Best Fall Fruits to Eat and Their Benefits

As the weather begins to cool down and the leaves start to change color, we know that fall is on its way. This means that it’s time to enjoy some of the best fall fruits! From apples and pears to grapes and figs, there are so many delicious options to choose from.

Fall is the perfect time to indulge in some of the best seasonal fruits. Although there are many fruits that are available year-round, picking up local produce is not only supporting your community but is usually better quality than imported fruit.

See Best Fall Vegetables and Benefits Of  A Community Garden

Read on to find out what fall fruit you should be eating this season and how it will make your body more healthy!

Best Fall Fruits To Consume

1. Apples

Late summer through late fall

apples on a tree

Fall is the perfect time to stock up on fresh apples. There are so many different types of apples to choose from, so you can always find the perfect one for your needs. From tart Granny Smith apples to sweet Honeycrisp apples, there’s an apple out there for everyone.

Apples are a great source of fiber, vitamins, and antioxidants. They can help improve your cardiovascular health, lower your cholesterol levels, and boost your immune system. Plus, they’re just plain delicious. So make sure to add some apples to your shopping list this fall!

When choosing an apple, look for one that is firm and has a bright color. Avoid apples that have bruises or blemishes. Store apples in a cool, dry place. To keep apples fresh for longer periods of time, store them in the refrigerator.

2. Figs

Late fall

fig s on white plate

Figs are a popular fruit that is often associated with the fall. There are many different types of figs, but the most common type in the United States is the Mission fig. So you’re more likely to get these in the grocery store.

Figs are a good source of fiber and contain vitamins A and C. They can be eaten fresh, dried, or canned.

When choosing fresh figs, look for plump ones with a uniform color. Avoid figs that are bruised or have blemishes. Figs are so delicate, but fresh figs can be stored in the refrigerator for up to a week.

Dried figs are a good option if you want to enjoy figs year-round. Dried figs can be found in the grocery store near other dried fruits, such as raisins and apricots. You can store dried figs in an airtight container at room temperature for up to six months

3. Cranberries

Mid –to-late fall


Cranberries are a type of fruit that is typically harvested in the fall. They are bright red in color with a tart taste, which makes them a popular ingredient in many fall recipes.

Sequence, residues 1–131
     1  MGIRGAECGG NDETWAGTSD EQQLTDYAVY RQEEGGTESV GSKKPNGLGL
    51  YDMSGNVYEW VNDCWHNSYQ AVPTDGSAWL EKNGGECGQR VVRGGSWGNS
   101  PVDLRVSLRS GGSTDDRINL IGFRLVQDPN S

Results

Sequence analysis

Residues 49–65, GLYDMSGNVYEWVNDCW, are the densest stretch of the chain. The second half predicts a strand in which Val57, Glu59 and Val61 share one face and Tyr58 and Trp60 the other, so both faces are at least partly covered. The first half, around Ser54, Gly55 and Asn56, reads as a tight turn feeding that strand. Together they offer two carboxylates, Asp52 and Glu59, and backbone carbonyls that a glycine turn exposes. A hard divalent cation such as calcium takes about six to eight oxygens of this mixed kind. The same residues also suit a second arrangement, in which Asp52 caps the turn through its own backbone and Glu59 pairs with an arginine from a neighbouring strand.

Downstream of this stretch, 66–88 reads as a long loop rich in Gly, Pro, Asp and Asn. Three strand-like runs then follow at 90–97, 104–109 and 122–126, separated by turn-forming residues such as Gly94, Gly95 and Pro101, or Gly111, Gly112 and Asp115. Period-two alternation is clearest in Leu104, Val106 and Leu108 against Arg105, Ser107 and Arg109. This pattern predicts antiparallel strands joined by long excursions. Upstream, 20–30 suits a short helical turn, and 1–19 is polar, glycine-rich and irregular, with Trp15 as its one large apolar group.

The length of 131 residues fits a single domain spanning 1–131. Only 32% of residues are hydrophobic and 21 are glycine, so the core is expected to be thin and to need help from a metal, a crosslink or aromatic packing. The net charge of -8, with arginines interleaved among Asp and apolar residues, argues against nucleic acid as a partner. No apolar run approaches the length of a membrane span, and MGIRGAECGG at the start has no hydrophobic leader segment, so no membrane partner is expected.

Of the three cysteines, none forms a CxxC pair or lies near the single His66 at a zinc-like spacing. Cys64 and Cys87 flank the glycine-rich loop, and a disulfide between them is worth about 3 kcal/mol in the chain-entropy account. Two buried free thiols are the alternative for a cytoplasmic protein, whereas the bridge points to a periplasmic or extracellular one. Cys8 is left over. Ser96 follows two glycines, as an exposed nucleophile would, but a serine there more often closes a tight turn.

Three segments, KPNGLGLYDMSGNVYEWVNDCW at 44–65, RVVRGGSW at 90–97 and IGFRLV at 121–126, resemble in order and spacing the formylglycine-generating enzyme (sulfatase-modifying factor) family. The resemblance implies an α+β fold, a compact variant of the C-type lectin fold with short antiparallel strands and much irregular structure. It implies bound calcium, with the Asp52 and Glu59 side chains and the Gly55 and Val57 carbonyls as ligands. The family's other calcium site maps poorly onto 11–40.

Cranberries can be eaten fresh or cooked into sauces, pies, and other desserts.

Cranberries are a good source of vitamins C and E and contain fiber and antioxidants. These nutrients can help boost your immune system, protect your cells from damage, and keep your digestion regular.

4. Kumquats

Mid-to-late fall

Kumquats on tree

Kumquats are small and oval orange or yellow citrus fruits, and a member of the Rutaceae family, which includes other citrus fruits like oranges, lemons, and grapefruits. They are native to Asia and have been cultivated in China for centuries.

Kumquats can be eaten whole, including the skin and seeds (some people may remove the seeds).

The skin is where most of the fruit’s flavor resides. To eat a kumquat, simply bite into it like you would an olive. The flesh of the kumquat is sweet with a sour aftertaste.

Kumquats are an excellent source of vitamins A and C, as well as potassium and fiber. They also contain antioxidants and phytochemicals that may boost immunity and protect against disease. In addition, kumquats are low in calories and have a high water content, making them a healthy snack option.

There are many ways to enjoy kumquats. They can be eaten whole or used in jams, jellies, or marmalades. Kumquats can also be candied or made into syrup.

5. Grapes

Late summer through early fall

Grapes on dark plate

Grapes are a common fall fruit. They can be eaten fresh, made into juice, or dried and used as raisins.

Grapes are a good source of vitamins A, C, and K, fiber, and antioxidants. They can help improve heart health, cognitive function, and digestion.

Eating grapes is a great way to enjoy the taste of fall. You can add them to salads, use them in various recipes or eat them on their own as a healthy snack.

6. Persimmons

Late fall

Persimmon on white background

Persimmons are oblong or round fruits that can range in color from yellow to orange to red. They have thin and soft flesh that is sweet and slightly tangy.

There are various types of persimmons, including American and Asian. The American persimmon is native to the eastern United States, and the Asian persimmon is native to China.

Persimmons are further classified into astringent and non-astringent. Astringent persimmons contain tannins, which make them taste bitter unless they are very ripe. Non-astringent persimmons do not contain tannins and can be eaten when they are firm.

How can you differentiate the two? Astringent persimmons are heart-shaped, while non-astringent ones are tomato-shaped.

Persimmons are a good source of fiber, vitamins C and A, potassium, and carotenoids. They also contain phytochemicals, such as polyphenols and flavonoids.

The health benefits of persimmons include improving digestive health, lowering cholesterol levels, boosting immunity, controlling diabetes, aiding in weight loss, and preventing cancer.

They can be eaten fresh, dried, or cooked.

Fresh persimmons can be eaten out of hand or used in recipes such as pies, cakes, jams, and sauces. Dried persimmons are often used in baking or made into tea.

Persimmon pudding is a popular dessert made with cooked persimmons.

7. Pomegranates

Mid-to-late fall

Pomegranate on tree

Pomegranates have been around for centuries and have been mentioned in many different cultures. This fruit is not only delicious but also packed with various nutrients, including fiber, vitamins C and K, and antioxidants which help protect cells from damage.